Uncertainty remains particularly high about the Fukushima Daiichi nuclear plant
At age 23, Maki Kusaka, an office worker in Tokyo, has 10 Gucci handbags lining her wardrobe, the fruits of an obsession she has shared with countless other Japanese to collect the world's hottest luxury brands.
Japan has one of the world's largest economies and its consumers account for an outsize portion of all luxury goods sales. Last year, nearly a quarter of luxury products were bought by the Japanese, according to Deutsche Bank, more than any other single region. But life's priorities have taken on a starkly different cast after the devastating earthquake, tsunami and nuclear disaster.
“I realise how much I have wasted,'' Ms. Kusaka said as she hurried with her boyfriend one recent evening through empty streets in the normally glittering Ginza shopping district, where streetlamps were still darkened to save electricity two weeks after the earthquake. “This whole incident has changed people's outlook,'' she said.
Indeed, a broad dimming of consumer optimism in Japan is affecting many industries automakers and cellphone companies, among them.
In the luxury industry, however, nearly every company Louis Vuitton, Hermes, Coach and Tiffany still counts on Japan for an average of 13 per cent of total profit, even as they open boutiques in China at a breakneck pace. Japanese consumers at home and abroad accounted for 24 per cent of all luxury goods sales in 2010, according to Deutsche Bank, compared with 22 per cent in Europe, 20 per cent in North America, 19 per cent in China and 15 per cent in other markets.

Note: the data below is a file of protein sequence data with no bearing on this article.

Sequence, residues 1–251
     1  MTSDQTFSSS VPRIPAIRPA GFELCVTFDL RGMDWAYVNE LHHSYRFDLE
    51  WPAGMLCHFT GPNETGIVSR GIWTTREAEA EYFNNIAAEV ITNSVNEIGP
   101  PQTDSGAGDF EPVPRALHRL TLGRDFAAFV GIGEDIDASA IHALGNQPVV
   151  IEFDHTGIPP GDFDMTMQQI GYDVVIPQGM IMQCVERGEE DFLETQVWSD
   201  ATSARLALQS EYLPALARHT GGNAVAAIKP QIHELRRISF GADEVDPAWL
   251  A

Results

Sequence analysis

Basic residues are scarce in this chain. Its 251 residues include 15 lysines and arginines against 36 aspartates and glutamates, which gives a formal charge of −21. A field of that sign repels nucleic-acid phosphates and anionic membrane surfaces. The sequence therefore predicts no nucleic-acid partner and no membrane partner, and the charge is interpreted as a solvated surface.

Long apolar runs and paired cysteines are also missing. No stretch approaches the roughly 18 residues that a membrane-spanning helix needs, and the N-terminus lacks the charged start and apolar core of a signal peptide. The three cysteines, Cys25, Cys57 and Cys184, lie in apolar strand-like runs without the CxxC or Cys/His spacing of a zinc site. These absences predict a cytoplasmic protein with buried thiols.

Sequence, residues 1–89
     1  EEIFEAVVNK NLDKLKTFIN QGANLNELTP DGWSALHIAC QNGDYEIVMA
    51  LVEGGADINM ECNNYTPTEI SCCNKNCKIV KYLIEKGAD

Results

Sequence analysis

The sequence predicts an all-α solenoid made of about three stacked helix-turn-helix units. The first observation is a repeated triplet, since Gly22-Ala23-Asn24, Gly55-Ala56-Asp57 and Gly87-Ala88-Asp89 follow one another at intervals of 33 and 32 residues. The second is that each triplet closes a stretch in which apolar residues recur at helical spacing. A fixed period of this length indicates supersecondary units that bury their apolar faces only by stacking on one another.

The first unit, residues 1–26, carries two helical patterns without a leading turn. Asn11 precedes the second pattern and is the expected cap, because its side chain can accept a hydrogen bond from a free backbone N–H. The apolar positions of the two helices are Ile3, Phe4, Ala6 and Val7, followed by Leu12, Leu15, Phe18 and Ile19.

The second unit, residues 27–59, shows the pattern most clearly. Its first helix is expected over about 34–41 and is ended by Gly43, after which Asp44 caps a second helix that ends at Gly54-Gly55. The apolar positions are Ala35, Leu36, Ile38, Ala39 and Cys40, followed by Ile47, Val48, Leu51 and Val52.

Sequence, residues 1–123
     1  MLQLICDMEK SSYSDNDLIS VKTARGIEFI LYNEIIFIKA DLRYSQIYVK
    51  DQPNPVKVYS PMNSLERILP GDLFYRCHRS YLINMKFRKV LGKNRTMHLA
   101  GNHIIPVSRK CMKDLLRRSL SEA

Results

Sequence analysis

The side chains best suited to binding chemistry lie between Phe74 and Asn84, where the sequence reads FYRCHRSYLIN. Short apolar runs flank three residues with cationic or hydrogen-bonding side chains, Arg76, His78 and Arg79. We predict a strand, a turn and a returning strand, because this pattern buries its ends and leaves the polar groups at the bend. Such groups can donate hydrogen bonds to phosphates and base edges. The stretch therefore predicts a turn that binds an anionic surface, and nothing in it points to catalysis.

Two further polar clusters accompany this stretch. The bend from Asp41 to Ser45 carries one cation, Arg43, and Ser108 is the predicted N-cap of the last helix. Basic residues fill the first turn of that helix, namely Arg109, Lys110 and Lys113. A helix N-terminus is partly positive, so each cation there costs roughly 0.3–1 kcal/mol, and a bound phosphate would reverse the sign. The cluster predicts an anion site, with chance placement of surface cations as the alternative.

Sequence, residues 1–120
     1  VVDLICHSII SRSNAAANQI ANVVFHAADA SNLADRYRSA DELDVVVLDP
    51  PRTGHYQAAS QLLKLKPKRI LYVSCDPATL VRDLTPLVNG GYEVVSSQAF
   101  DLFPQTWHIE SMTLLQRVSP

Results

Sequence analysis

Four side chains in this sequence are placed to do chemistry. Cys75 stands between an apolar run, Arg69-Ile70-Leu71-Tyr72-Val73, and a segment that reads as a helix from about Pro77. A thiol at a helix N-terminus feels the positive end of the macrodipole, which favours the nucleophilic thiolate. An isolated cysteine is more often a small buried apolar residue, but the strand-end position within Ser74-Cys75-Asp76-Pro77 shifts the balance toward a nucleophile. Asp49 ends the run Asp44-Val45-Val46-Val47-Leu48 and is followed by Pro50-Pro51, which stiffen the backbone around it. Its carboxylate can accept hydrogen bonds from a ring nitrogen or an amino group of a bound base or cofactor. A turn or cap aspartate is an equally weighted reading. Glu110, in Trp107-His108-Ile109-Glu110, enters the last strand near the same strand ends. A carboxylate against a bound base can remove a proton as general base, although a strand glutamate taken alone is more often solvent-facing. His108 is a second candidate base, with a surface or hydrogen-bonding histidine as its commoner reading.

Though luxury products are viewed as a sign of the upper class in other countries, in Japan, they have long been seen as an integral part of middle-class life. Middle-class consumers often skimped on vacations or expensive meals so they could buy luxury clothes or handbags. Now, analysts say, the triple disaster has jolted the Japanese into a new reality, sapping the materialist, feel-good spirit and replacing it with a focus on helping others and a mood of back to basics.
It is impossible to say whether the shock of recent events will lead Japanese consumers to retrench for a long period, or whether the impact will be more short-term, as it was after September 11 in the U.S. Analysts are rushing to reduce their projections for growth and earnings in the luxury sector, on expectations that Japanese demand could tumble as much as 30 per cent this year and remain tepid for up to five years.
Deutsche Bank is one of several banks that slashed its outlook in large part because of the predicted drop in Japanese consumption. It now expects growth in luxury sales worldwide this year to average just 2.1 per cent, down from the 8.9 per cent it predicted just a few months ago.
Some analysts say the picture in Japan is unlikely to be so dire. After the smaller 7.2 magnitude earthquake razed parts of the Kobe region in southern Japan in 1995, for example, luxury sales declined for just one quarter before rebounding.
“The impact tends to be very emotional and strong in the short term,'' said Luca Solca, a senior luxury goods analyst at Sanford C. Bernstein & Co. “But as we learned from Kobe, things tend to go back to the normal trend, so I'm a bit sceptical that this will cause a dent in luxury goods for the years to come.''
Shares regain losses
In a sign that some of the concern may be overdone, shares in major luxury companies have regained at least half of the 7 to 14 per cent declines they suffered in the days after the March 11 earthquake.